“Millennials are not afraid of changing jobs and in many instances careers. They will easily only spend a two year tenure at a company and move on. They have extremely high expectations of their role and the company they join, they want to learn and develop, nurture a good work-life balance which allows for flexibility around where and when they work, strengthen their talents and ultimate their job should fit their life.
“Since they are self-assured, they have a higher need for feedback and recognition as well as engagement with management to be part of a more collaborative engagement and having a voice in setting performance expectations and negotiating a fair salary for the work they do.”
Chantelle says her research conducted amongst Millennials who have received coaching within their organisations indicate that coaching can have a major impact on bridging the expectations gap arising from generational differences.
“Generational differences can result in a misalignment in the expectations between organisations and young Millennial professionals. These expectations are embodied in the concept of a psychological contract which is an individual’s beliefs concerning reciprocal obligations in the employment relationship. The fulfillment of this contract and its suggested business benefits are more likely to materialise if the parties agree about their obligations towards each other and create and maintain mutuality (shared agreement) between the parties. Coaching can play a pivotal role in this transition phase.”
She says coaching enables Millennials to have an enhanced awareness of who they are and develop an improved authentic self-confidence. This allows them to articulate their development needs and direction more clearly and become aware that it is their responsibility to raise their psychological contract beliefs with the organisation, even more so where they perceive a difference in the understanding of their obligations and those of the organisation.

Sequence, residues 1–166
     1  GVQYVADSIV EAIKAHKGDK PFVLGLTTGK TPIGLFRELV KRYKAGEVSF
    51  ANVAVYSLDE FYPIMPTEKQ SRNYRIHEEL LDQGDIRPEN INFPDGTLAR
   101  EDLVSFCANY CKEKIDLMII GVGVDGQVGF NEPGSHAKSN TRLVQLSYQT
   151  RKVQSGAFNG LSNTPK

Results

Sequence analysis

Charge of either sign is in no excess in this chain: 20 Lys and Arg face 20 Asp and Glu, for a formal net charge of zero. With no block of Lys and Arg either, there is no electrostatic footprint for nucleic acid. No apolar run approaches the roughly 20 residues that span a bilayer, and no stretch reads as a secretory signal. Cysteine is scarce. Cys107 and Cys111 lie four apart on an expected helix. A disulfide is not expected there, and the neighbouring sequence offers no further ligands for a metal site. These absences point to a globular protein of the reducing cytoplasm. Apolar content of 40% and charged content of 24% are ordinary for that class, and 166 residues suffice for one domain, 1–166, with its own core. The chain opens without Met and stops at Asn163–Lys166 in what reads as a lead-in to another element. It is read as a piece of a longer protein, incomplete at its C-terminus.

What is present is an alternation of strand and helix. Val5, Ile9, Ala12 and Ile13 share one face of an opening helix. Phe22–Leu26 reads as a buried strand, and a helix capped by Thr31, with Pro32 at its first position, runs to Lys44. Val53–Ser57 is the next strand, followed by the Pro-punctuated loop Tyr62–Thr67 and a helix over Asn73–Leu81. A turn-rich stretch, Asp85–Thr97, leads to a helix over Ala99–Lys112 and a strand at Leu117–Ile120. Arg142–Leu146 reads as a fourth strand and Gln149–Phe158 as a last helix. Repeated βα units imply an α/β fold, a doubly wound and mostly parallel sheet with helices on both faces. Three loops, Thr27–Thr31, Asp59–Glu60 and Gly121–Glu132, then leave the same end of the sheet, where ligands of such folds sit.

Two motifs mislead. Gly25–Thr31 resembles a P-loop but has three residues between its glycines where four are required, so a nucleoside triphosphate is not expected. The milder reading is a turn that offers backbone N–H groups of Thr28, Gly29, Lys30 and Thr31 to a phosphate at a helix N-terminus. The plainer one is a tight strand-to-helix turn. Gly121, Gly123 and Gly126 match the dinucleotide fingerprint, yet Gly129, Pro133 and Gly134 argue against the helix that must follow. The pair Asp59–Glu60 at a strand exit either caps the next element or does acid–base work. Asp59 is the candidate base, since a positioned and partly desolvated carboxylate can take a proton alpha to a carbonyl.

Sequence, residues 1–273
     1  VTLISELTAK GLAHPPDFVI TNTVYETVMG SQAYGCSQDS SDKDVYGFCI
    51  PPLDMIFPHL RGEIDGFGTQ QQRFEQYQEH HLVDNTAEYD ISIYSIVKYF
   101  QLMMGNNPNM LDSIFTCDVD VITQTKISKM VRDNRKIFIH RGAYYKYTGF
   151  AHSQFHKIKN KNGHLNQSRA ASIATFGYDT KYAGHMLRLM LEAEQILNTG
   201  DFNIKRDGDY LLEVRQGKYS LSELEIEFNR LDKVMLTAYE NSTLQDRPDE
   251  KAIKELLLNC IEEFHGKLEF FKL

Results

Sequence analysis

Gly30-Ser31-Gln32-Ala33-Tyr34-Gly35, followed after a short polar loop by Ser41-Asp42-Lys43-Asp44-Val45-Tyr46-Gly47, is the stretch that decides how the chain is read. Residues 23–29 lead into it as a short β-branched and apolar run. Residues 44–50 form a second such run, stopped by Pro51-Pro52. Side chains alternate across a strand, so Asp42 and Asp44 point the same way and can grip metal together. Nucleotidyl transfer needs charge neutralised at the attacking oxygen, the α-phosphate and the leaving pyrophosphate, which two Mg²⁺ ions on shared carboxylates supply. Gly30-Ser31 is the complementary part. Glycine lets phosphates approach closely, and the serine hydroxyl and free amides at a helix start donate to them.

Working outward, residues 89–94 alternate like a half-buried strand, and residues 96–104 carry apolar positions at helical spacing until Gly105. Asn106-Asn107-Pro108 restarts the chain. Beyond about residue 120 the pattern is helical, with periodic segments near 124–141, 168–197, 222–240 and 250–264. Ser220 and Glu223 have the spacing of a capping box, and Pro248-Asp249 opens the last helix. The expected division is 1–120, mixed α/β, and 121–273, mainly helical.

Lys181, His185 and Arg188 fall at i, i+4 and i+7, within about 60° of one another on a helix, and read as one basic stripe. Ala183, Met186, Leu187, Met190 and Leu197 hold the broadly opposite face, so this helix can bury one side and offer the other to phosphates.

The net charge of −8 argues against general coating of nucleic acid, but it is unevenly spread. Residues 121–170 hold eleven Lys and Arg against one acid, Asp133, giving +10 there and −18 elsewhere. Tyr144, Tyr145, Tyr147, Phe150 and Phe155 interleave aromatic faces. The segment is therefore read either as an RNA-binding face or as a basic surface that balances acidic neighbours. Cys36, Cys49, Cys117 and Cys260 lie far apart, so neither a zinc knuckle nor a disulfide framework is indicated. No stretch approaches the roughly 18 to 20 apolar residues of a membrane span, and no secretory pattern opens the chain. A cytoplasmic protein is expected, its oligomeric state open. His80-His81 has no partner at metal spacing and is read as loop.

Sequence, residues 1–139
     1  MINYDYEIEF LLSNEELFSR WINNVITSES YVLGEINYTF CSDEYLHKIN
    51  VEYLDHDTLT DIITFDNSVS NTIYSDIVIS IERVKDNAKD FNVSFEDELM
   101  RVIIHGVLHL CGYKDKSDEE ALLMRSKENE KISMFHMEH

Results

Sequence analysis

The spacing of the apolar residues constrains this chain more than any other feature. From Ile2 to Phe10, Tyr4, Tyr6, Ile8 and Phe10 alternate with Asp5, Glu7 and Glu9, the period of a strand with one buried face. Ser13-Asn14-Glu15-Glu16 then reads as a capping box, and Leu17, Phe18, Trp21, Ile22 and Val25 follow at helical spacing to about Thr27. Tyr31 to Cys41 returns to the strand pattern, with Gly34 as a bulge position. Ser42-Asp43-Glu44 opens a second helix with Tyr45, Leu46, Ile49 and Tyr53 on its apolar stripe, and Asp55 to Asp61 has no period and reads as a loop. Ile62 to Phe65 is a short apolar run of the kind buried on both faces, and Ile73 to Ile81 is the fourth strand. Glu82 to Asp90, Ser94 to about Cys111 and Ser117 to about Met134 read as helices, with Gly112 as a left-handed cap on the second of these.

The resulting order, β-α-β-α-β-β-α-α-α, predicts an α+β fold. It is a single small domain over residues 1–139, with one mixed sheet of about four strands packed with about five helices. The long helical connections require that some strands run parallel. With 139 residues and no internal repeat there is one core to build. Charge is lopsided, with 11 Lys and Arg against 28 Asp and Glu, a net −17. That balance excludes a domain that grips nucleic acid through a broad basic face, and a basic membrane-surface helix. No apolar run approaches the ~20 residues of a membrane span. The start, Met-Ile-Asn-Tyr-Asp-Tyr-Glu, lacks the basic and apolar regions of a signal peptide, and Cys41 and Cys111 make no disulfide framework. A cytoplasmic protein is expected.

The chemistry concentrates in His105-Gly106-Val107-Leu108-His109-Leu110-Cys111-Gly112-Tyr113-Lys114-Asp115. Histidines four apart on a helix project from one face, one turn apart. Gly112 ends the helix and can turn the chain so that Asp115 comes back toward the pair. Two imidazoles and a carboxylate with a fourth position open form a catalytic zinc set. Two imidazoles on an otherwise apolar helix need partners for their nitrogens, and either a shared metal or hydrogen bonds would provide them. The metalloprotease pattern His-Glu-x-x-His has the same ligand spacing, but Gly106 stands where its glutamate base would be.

“The inner benefits of enhanced awareness and improved confidence prepares the coachee cognitively to produce the outer personal benefits, which are visible to others in changed behaviours and enhanced skills. Improved confidence enables them to speak up more credibly about their strengths and contributions, and hold conversations that contribute towards clarifying the organisation’s expectations of them, and what they expect in return.
“They are confident to take action concerning their own development – a valuable skill since organisations now expect employees to manage their own careers. Coaching assists coachees in their ability to handle tough conversations, imparting the skills and motivation to have candid and respectful conversations with their managers.”
Chantelle says that coaching appears to be particularly useful in aligning expectations regarding career development. Receiving coaching speaks directly to Millennials’ need for self-actualisation and contributes to providing the supportive and nurturing work environment in which Millennials thrive. Alignment of expectations regarding career development encourages them to adopt a higher level of engagement.
“It enhances their affective commitment, implying that these young workers feel a strong emotional attachment to the organisation and their work. They identify with the organisation’s goal and values, which in turn meets their need for meaningful work and positively influences their performance which results in a lower turnover of staff.”